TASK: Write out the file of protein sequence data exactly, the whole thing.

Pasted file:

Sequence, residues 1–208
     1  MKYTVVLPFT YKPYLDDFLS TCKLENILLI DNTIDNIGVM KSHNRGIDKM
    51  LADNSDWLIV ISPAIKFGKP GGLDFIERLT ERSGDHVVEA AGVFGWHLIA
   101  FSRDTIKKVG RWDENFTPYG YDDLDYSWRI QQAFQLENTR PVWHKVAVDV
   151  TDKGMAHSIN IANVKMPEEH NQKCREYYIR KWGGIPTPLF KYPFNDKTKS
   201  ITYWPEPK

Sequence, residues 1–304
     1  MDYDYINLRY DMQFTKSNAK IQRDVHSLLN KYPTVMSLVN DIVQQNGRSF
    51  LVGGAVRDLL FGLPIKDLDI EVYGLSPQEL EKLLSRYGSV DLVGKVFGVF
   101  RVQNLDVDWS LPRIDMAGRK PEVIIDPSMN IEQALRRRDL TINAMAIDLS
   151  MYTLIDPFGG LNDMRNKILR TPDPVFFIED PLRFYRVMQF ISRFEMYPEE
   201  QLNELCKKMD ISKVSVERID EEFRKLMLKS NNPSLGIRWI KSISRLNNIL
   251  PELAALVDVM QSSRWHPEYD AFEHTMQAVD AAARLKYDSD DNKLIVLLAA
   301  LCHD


Sequence, residues 1–208
     1  MKYTVVLPFT YKPYLDDFLS TCKLENILLI DNTIDNIGVM KSHNRGIDKM
    51  LADNSDWLIV ISPAIKFGKP GGLDFIERLT ERSGDHVVEA AGVFGWHLIA
   101  FSRDTIKKVG RWDENFTPYG YDDLDYSWRI QQAFQLENTR PVWHKVAVDV
   151  TDKGMAHSIN IANVKMPEEH NQKCREYYIR KWGGIPTPLF KYPFNDKTKS
   201  ITYWPEPK

Sequence, residues 1–304
     1  MDYDYINLRY DMQFTKSNAK IQRDVHSLLN KYPTVMSLVN DIVQQNGRSF
    51  LVGGAVRDLL FGLPIKDLDI EVYGLSPQEL EKLLSRYGSV DLVGKVFGVF
   101  RVQNLDVDWS LPRIDMAGRK PEVIIDPSMN IEQALRRRDL TINAMAIDLS
   151  MYTLIDPFGG LNDMRNKILR TPDPVFFIED PLRFYRVMQF ISRFEMYPEE
   201  QLNELCKKMD ISKVSVERID EEFRKLMLKS NNPSLGIRWI KSISRLNNIL
   251  PELAALVDVM QSSRWHPEYD AFEHTMQAVD AAARLKYDSD DNKLIVLLAA
   301  LCHD